The long-awaited Family Guy and The Simpsons crossover episode finally aired last night, and it wasn’t what most fans expected. Many viewers probably watched The Simpsons premiere to see if there was any hint of the forthcoming crossover (there wasn’t), and, after a year's worth of rumors, to find out which established character was going to die (no one important). What they got instead was probably the weirdest couch gag to ever grace The Simpsons in its 25-year history.

Note: For that, you can thank the guest director of the opening, Don Hertzfeldt, who made a name for himself with his Oscar-nominated short, “Rejected,” a compilation of his animations that were rejected for commercial shorts. It's well worth the watch. 

But we digress. While many viewers took to Twitter decrying the night's main event, “The Simpsons Guy,” for pulling out every cheap joke possible, including rape and self-harm gags, others went in on its ridiculous amount of meta humor. Here, we break down those moments for you.

1. The show opens with the family watching the "All in the Family/Modern Family crossover episode," and Chris starts a monologue about crossover episodes existing only for creative pursuits and not for money or viewership.

2. Peter enters the episode hating on the comics that run in his local newspaper, saying he could do better, which a lot of viewers will probably believe once they watch this episode.

3. Brian informs Peter that one of his cartoons, which depicts a beat-up wife being equated to a broken dishwasher, has “outraged the online community.” Peter replies, “It’s not like the Internet to go crazy about something small and stupid,” probably in reference to the joke further into the episode about rape. It throws shade at the nature of Internet writing, which Brian references with, “Not just a joke Peter, a joke that angered some bloggers!”

4. Peter wants Homer to set up a cutaway scene, which Family Guy is infamous for, but Homer doesn’t understand. Peter does it for him by saying they’re a duo better than the Air Force.

5. In the Air Force cutaway scene, Peter and Homer have Bob, from Bob’s Burgers, in the third seat of their fighter plane. The duo explain that they have to carry him, and watch as Cleveland, who is flying alone, crashes and burns. This references Bob’s Burgers poor ratings and The Cleveland Show’s cancelation.

6. Homer says that Peter’s favorite beer, and the brewery he works for, Pawtucket Patriot Ale is a rip-off of Duff, simply with a new label. Peter counters by saying he hasn’t had Duff in 15 years and just because Pawtucket Patriot Ale is inspired by Duff doesn’t mean it’s a rip-off. This is in reference to the criticism that Family Guy is a direct rip-off of The Simpsons, with a fat and stupid father, three kids, and a smart and “hot” wife.

7. Further comparisons between the shows are made in the courtroom scene where Springfield characters sit next to their Quahog counterparts: Kent Brockman sits next to Tom Tucker, Mr. Burns sits next to Stewie, Principal Skinner sits next to Principal Shepherd, and the “token black guys” Cleveland and Carl say that they’re seated together because they’re the funniest guys in town.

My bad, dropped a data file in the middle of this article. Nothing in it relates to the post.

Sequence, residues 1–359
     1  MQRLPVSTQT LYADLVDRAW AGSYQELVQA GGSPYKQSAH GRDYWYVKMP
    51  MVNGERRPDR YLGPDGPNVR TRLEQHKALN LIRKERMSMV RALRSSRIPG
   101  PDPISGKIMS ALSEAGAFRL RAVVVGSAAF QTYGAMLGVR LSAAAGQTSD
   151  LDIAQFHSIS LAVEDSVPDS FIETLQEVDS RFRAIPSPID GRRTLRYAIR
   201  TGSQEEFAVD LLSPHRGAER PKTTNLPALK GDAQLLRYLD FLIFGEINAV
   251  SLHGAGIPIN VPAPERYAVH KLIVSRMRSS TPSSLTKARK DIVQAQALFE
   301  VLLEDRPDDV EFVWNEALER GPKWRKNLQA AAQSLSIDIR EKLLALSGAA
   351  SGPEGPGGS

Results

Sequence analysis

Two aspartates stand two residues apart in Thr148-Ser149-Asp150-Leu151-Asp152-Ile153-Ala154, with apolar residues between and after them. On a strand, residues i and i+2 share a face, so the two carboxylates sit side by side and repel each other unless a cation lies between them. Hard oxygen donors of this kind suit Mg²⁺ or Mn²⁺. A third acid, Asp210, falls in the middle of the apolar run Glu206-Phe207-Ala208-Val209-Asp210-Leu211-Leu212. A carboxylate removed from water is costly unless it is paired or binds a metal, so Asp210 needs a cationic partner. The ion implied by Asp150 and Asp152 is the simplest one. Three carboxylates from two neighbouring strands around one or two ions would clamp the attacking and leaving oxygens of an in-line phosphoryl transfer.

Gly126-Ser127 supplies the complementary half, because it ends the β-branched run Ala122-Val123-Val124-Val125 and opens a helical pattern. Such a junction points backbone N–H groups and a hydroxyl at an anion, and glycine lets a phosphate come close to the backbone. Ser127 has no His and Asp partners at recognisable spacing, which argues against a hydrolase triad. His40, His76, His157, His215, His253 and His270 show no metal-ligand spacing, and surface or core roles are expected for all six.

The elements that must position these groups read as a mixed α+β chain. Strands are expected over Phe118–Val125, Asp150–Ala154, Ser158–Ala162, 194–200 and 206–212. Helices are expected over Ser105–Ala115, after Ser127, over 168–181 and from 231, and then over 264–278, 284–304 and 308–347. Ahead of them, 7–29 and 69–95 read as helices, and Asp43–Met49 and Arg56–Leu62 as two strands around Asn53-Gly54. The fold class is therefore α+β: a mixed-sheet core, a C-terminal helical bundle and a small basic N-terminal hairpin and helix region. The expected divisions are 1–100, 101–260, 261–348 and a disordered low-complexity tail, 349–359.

8. Fred Flintstone appears as the judge in the Duff vs. Pawtucker Patriot Ale trial. Arguments could be made that he was the first fat husband with a hot wife in a cartoon, and therefore, both The Simpsons and Family Guy ripped off The Flintstones.

9. At the beginning of a long fight between Peter and Homer, Peter goes into a rant. In it, he mentions that when he first met Homer he said, “Hey! I love this guy! I’m going to quote him to all my friends and family!” but then later felt, and that he speaks for everyone, “I am over the Simpsons.” This is a nod to many critics and viewers feeling that The Simpsons is a dead show, living on its fanbase.

With shows like South Park that can create a relevant episode in a week, The Simpsons’ animation style causes the show to produce content at a slower pace. It’s no longer the only cartoon on the air for adults, and it’s still trying to find its footing in today’s TV landscape. Others would argue that The Simpsons has evolved from easy crass jokes to more situational and character-driven comedy because viewers are so familiar with Springfield and its residents.

10. Homer throws numerous Emmys at Peter during the fight; Peter complains that he doesn’t have any. The Simpsons has 31 Emmys; Family Guy has zero.

11. The Peter vs. Homer fight references the once-beloved fight between Peter and a guy in a chicken suit. At the end of their duel, Comic Book Guy calls it the “Worst. Chicken fight. Ever.”)

12. Stewie brushes off Brian’s pity when he says he’s sorry Bart didn’t want to be his friend, and Stewie says he doesn’t matter because “Bart sounded like a girl.” Bart is voiced by Nancy Cartwright.